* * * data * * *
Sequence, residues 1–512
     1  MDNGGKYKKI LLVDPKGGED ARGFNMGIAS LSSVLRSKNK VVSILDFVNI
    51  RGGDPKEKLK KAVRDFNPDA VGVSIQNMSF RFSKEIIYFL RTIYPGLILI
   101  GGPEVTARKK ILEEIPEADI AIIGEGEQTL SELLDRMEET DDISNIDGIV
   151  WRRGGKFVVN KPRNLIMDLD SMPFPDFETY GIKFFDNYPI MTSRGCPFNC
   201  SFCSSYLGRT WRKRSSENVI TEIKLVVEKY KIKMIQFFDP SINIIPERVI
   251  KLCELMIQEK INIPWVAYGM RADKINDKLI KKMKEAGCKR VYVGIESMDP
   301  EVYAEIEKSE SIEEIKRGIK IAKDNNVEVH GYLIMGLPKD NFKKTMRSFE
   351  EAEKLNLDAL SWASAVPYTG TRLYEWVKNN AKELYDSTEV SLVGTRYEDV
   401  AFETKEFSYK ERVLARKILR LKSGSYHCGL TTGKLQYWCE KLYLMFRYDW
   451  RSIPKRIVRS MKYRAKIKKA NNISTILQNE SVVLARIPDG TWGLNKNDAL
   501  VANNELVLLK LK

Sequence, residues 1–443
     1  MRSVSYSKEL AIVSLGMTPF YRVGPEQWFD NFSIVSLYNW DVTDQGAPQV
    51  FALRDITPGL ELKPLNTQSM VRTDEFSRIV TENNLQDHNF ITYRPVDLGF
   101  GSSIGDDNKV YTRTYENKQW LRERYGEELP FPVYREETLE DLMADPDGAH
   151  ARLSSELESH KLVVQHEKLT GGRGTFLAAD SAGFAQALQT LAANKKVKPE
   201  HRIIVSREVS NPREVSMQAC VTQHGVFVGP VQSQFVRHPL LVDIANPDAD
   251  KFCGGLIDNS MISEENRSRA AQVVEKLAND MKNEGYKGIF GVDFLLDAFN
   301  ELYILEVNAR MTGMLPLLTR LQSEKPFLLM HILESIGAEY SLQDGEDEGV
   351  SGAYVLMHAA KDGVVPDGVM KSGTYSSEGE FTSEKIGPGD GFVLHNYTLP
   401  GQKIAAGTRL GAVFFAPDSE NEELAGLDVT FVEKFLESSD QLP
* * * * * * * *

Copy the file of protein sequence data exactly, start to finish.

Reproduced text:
Sequence, residues 1–512
     1  MDNGGKYKKI LLVDPKGGED ARGFNMGIAS LSSVLRSKNK VVSILDFVNI
    51  RGGDPKEKLK KAVRDFNPDA VGVSIQNMSF RFSKEIIYFL RTIYPGLILI
   101  GGPEVTARKK ILEEIPEADI AIIGEGEQTL SELLDRMEET DDISNIDGIV
   151  WRRGGKFVVN KPRNLIMDLD SMPFPDFETY GIKFFDNYPI MTSRGCPFNC
   201  SFCSSYLGRT WRKRSSENVI TEIKLVVEKY KIKMIQFFDP SINIIPERVI
   251  KLCELMIQEK INIPWVAYGM RADKINDKLI KKMKEAGCKR VYVGIESMDP
   301  EVYAEIEKSE SIEEIKRGIK IAKDNNVEVH GYLIMGLPKD NFKKTMRSFE
   351  EAEKLNLDAL SWASAVPYTG TRLYEWVKNN AKELYDSTEV SLVGTRYEDV
   401  AFETKEFSYK ERVLARKILR LKSGSYHCGL TTGKLQYWCE KLYLMFRYDW
   451  RSIPKRIVRS MKYRAKIKKA NNISTILQNE SVVLARIPDG TWGLNKNDAL
   501  VANNELVLLK LK

Sequence, residues 1–443
     1  MRSVSYSKEL AIVSLGMTPF YRVGPEQWFD NFSIVSLYNW DVTDQGAPQV
    51  FALRDITPGL ELKPLNTQSM VRTDEFSRIV TENNLQDHNF ITYRPVDLGF
   101  GSSIGDDNKV YTRTYENKQW LRERYGEELP FPVYREETLE DLMADPDGAH
   151  ARLSSELESH KLVVQHEKLT GGRGTFLAAD SAGFAQALQT LAANKKVKPE
   201  HRIIVSREVS NPREVSMQAC VTQHGVFVGP VQSQFVRHPL LVDIANPDAD
   251  KFCGGLIDNS MISEENRSRA AQVVEKLAND MKNEGYKGIF GVDFLLDAFN
   301  ELYILEVNAR MTGMLPLLTR LQSEKPFLLM HILESIGAEY SLQDGEDEGV
   351  SGAYVLMHAA KDGVVPDGVM KSGTYSSEGE FTSEKIGPGD GFVLHNYTLP
   401  GQKIAAGTRL GAVFFAPDSE NEELAGLDVT FVEKFLESSD QLP